Little fossil evidence is available to help map the evolution of bats, since their small, delicate skeletons do not fossilize very well. However a Late Cretaceous tooth from South America resembles that of an early Microchiropteran bat. The oldest known definitely identified bat fossils, such as Icaronycteris, Archaeonycteris, Palaeochiropteryx and Hassianycteris, are from the early Eocene period, 52.5 million years ago. These fossil bats were already very similar to modern microbats. Archaeopteropus, formerly classified as the earliest known megachiropteran, is now classified as a microchiropteran.
Bats were formerly grouped in the superorder Archonta along with the treeshrews (Scandentia), colugos (Dermoptera), and the primates, because of the apparent similarities between Megachiroptera and such mammals. Genetic studies have now placed bats in the superorder Laurasiatheria along with carnivorans, pangolins, odd-toed ungulates, even-toed ungulates, and cetaceans.
The finger bones of bats are much more flexible than those of other mammals. One reason is that the cartilage in their fingers lacks calcium and other minerals nearer the tips, increasing their ability to bend without splintering. The cross-section of the finger bone is also flattened compared to the circular cross section that human finger bones have, and is very flexible. The skin on their wing membranes has more elasticity and so can stretch much more than other mammals.
The wings of bats are much thinner than those of birds, so bats can manoeuvre more quickly and more accurately than birds. It is also delicate, ripping easily. However the tissue of the bat's membrane is able to regrow, such that small tears can heal quickly. The surface of their wings is equipped with touch-sensitive receptors on small bumps called Merkel cells, found in most mammals including humans, similarly found on our finger tips. These sensitive areas are different in bats as each bump has a tiny hair in the center, making it even more sensitive and allowing the bat to detect and collect information about the air flowing over its wings, thereby providing feedback to the bat to change its shape of its wing to fly more efficiently. Some bats like the little brown bat can use this dexterious ability where it is able to drink in mid air. Other bats such as the flying fox or fruit bat gently skim the water's surface, then land nearby to lick water from their chest fur. An additional kind of receptor cell is found in the wing membrane of species that use their wings to catch prey. This receptor cell is sensitive to the stretching of the membrane. The cells are concentrated in areas of the membrane where insects hit the wings when the bats capture them.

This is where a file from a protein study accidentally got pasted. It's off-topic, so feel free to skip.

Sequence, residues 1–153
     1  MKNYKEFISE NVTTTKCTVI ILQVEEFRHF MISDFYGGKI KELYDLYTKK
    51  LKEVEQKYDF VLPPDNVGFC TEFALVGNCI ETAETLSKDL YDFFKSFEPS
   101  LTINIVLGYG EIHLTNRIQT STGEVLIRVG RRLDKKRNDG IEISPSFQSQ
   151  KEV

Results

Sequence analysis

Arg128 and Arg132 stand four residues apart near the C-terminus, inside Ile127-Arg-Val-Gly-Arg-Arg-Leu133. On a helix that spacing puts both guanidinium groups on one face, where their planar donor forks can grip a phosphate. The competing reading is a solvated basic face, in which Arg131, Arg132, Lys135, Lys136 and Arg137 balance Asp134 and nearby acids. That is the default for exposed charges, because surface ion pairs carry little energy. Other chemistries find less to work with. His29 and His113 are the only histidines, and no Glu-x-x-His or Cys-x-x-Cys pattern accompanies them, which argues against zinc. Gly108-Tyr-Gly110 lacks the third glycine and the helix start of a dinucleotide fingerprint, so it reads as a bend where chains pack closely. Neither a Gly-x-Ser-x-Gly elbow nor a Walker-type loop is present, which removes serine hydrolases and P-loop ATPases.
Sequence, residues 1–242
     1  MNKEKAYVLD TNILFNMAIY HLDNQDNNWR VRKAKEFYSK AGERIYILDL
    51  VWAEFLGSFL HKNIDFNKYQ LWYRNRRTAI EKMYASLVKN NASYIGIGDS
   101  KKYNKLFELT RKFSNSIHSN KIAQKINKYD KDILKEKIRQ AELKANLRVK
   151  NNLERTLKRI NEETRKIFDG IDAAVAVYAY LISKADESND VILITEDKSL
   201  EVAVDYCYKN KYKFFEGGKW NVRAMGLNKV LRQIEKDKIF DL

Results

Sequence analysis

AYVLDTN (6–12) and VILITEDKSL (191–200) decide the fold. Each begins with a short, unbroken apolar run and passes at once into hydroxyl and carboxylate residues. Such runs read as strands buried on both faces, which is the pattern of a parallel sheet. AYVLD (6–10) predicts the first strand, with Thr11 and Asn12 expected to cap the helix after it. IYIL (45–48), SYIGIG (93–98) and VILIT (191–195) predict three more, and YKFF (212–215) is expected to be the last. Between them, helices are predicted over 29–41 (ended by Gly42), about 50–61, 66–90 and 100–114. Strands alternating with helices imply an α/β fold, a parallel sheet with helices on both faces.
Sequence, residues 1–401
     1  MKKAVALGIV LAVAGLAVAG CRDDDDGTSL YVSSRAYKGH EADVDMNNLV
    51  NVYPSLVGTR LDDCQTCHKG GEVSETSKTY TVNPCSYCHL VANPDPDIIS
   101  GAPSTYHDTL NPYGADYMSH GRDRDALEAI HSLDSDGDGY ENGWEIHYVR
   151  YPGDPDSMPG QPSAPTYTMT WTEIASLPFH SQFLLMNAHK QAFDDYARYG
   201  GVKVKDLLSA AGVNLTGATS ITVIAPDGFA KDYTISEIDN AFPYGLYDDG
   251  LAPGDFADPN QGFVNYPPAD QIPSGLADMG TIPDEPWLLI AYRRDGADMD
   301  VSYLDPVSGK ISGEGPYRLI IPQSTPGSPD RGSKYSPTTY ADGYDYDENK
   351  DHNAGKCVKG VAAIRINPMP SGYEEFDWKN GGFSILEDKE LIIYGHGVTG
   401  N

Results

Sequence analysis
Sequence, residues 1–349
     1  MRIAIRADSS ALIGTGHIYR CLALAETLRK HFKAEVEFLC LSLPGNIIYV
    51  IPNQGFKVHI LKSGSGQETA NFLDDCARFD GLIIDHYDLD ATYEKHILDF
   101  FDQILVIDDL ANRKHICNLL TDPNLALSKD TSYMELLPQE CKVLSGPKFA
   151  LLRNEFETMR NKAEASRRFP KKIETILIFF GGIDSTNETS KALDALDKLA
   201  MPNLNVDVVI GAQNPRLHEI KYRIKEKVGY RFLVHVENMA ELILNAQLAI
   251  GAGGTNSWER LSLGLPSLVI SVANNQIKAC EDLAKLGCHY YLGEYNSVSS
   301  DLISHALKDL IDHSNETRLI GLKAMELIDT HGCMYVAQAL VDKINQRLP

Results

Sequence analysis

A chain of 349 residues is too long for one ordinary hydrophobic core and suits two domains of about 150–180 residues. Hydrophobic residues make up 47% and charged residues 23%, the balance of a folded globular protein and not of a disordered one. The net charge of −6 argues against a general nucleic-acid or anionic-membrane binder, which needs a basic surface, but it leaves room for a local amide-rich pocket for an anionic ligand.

The teeth of microbats resemble insectivorans. They are very sharp to bite through the hardened armor of insects or the skin of fruit.
Mammals have one-way valves in veins to prevent the blood from flowing backwards, but bats also have one-way valves in arteries.
One species of bat has the longest tongue of any mammal relative to its body size. This is beneficial to them in terms of pollination and feeding. Their long narrow tongues can reach deep into the long cup shape of some flowers. When their tongue retracts, it coils up inside their rib cage.